Safety Measurement System Changes
March 18, 2015
Author | Blythe Kudronowicz, Account Administrator
There are several Safety Measurement Systems (SMS) changes which have recently taken place or are scheduled to take place in the near future which could greatly impact the transportation industry.
In December 2014, the Federal Motor Carrier Safety Administration (FMCSA) published a final rule making changes to Driver Vehicle Inspect Report (DVIR) requirements. Under this new rule, commercial motor vehicle drivers are no longer required to file a DVIR when there are no safety defects or mechanical deficiencies found; this rule also harmonizes the pre and post-trip inspection lists.
The 34-hour restart rule is a topic of much discussion recently; the rule states that you must be off-duty for a minimum of 34 consecutive hours whether drivers are operating after sixty hours in seven days or seventy hours in eight days. A driver may restart a seven or eight consecutive day period after taking at least 34 consecutive hours off duty, without any limitations.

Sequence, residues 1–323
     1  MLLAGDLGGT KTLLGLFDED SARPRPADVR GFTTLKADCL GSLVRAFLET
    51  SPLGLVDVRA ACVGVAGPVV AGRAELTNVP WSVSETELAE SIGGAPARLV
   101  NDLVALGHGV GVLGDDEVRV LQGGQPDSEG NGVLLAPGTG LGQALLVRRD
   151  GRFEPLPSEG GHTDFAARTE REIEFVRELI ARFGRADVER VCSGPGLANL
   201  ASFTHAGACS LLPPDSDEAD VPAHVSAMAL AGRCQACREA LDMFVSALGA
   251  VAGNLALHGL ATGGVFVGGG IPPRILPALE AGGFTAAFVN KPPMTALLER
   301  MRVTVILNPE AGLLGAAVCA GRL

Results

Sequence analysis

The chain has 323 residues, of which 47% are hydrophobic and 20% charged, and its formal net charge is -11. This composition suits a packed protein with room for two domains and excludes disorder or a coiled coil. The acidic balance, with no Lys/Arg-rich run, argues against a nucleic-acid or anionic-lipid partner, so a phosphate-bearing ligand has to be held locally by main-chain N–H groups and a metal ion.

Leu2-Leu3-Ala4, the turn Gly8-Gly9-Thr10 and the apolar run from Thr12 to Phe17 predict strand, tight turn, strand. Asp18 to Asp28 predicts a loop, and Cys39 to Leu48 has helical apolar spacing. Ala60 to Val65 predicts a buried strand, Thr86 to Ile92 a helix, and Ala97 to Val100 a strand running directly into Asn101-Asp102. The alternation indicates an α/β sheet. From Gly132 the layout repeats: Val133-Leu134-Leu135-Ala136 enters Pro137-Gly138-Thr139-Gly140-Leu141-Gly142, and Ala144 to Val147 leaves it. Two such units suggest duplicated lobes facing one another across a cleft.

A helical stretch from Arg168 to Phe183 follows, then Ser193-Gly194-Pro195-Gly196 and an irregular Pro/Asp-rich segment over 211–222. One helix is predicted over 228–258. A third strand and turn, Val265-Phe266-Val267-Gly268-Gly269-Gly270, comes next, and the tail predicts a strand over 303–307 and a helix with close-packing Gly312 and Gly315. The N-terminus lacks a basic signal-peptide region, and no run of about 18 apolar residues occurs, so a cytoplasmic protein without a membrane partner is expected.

A provision to the rule was proposed and states that the 34-hour off duty period must include two periods from 1 am to 5 am and may only be used once per week (168 hours), measured from the beginning of the previous restart period. However, this provision has currently been suspended as of December 2014 when President Obama signed the Consolidated and Further Continuing Appropriations Act which includes a section stating the proposed provision shall not be in effect until September 30, 2015 or upon receipt of the final report by the Secretary of Transportation.
Drivers are therefore authorized to continue following the previous, unlimited restart provision until the FMCSA provides public notice of the date when the suspension ends. The Federal Motor Carrier Safety Administration (FMCSA) is currently recruiting drivers and carriers to participate in a study of the 34-hour restart provision to compare the two provisions and assess safety events, fatigue, alertness, and over all driver health.
The FMCSA also recently announced the formation of a rulemaking committee which will negotiate and develop regulations for entry-level driver training. This program would be designed for commercial motor vehicle drivers operating in interstate or intrastate commerce and is tasked with updating classroom and behind-the-wheel requirements for professional truck and bus drivers. The FMCSA committee believes that implementing new training requirements is crucial to ensuring the safety of the public on our roadways. They expect a training rule to be issued in the fall of this year and a final ruling to be made in 2016.
It is important to stay informed on all rules and regulations to ensure compliance in this ever-changing transportation industry.
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